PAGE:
If he is in the US illegally, yes, there is a good chance he will get deported.
Talk to an immigration attorney, if he has been here for more than 10 years, there is a chance.
PROFESSOR OF IMMIGRATION LAW for over 10 years -- This blog posting is offered for informational purposes only. It does not constitute an attorney-client relationship.
Not going to find the answer you seek here. The best advice anyone can give you is to make appointments with a few immigration attorneys explain all of the relevant facts and determine if one can help you. The only thing that is certain is that without an attorney deportation is almost certain.
Law Offices of Nicklaus Misiti
212 537 4407
Legal disclaimer: The statement above is general in nature, as not all the facts are known. You should retain an attorney to review all the facts specific to your case in order to receive advise specific to your case. The statement above does not create an attorney/client relationship.
What was he arrested for? What is he being charged with? What is his past criminal history, here and in any other country? When and how did he first enter, or attempt to enter the U.S.? Since his first entry, has he left the U.S.? When? When and how did he return? Has he ever had any prior contact with immigration authorities? Has anybody ever filed immigration paperwork for him in the past? Was he married before? What about you? What is your criminal record? Where is he from? Is he afraid of going back? If so, why? Was he ever the victim of a crime here in the U.S.? If so, what happened? Has he ever lied about his status in the U.S.? If so, when and how? This is just a sample of the questions that you, or he, will need to answer when you meet with an immigration attorney to analyze his options.
Also, and this is extemely important, you need to work with a criminal defense attorney who is aware of his immigration situation, and aware of the consequences of various convictions on his immigration plans. If his attorney is not familiar with immigration law, then she needs to coordinate with your immigration attorney.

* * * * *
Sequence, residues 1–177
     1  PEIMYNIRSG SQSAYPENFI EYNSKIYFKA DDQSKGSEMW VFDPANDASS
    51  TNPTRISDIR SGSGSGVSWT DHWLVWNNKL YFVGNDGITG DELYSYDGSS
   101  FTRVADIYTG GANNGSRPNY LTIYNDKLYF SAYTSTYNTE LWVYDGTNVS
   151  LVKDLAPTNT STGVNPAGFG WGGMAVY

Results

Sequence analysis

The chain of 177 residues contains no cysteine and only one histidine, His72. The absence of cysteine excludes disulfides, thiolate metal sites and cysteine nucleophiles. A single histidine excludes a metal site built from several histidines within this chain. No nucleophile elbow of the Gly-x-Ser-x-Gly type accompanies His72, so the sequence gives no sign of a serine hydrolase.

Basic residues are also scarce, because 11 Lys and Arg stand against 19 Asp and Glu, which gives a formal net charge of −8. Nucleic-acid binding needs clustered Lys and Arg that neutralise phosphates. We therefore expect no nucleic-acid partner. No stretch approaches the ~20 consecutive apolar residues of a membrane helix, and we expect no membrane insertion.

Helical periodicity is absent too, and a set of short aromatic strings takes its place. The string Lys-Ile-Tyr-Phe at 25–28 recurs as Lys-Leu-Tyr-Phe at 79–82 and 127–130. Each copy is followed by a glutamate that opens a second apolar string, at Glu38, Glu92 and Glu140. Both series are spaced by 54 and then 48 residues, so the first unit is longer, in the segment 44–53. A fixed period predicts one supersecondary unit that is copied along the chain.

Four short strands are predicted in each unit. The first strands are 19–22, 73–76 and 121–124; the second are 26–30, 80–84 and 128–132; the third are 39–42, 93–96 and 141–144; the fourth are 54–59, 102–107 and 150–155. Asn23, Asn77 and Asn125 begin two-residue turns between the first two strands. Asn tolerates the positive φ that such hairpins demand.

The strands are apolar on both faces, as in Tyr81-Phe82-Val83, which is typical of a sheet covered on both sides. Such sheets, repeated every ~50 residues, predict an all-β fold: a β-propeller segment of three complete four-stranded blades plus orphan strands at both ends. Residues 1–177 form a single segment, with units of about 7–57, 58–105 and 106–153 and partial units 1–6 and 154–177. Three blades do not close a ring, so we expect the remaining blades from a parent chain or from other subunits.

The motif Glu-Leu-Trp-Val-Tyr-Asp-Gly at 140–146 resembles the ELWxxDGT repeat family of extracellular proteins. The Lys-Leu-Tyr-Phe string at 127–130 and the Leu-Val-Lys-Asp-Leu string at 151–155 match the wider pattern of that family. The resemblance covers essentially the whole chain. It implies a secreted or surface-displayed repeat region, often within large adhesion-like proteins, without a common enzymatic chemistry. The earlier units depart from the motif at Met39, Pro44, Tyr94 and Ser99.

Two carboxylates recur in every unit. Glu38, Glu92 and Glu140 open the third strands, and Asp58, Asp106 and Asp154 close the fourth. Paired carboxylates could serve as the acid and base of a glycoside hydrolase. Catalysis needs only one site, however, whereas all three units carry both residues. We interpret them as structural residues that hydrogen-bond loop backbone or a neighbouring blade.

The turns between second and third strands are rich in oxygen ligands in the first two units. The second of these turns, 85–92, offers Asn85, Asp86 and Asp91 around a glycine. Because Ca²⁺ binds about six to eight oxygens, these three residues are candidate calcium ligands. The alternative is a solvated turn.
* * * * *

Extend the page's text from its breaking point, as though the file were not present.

Don't make the mistake of thinking you can deal with the immigration issues AFTER the criminal case is over. Very frequently, what happens in the criminal court will dictate what options are available, or not available, in immigration court. You obviously want to deal with the criminal issue now in order to leave him in the best position possible when he appears before an immigration judge.
You should talk to an attorney familiar with both criminal and immigration because I agree with my colleague that his immigration options are going to be largely affected by what happens in his criminal case. Depending on what happens in the criminal case, he might be eligible for bond. There are a lot of questions that an experienced attorney would need to go through with your boyfriend to determine if something can be done for his immigration case. Going back though, certain criminal convictions can keep him from having any chance with immigration.
This answer does not constitute legal advice, and should not be relied on as each situation is fact specific, and it is impossible to evaluate a legal problem without a comprehensive consultation and review of all the facts and documents at issue. This answer does not create an attorney-client relationship.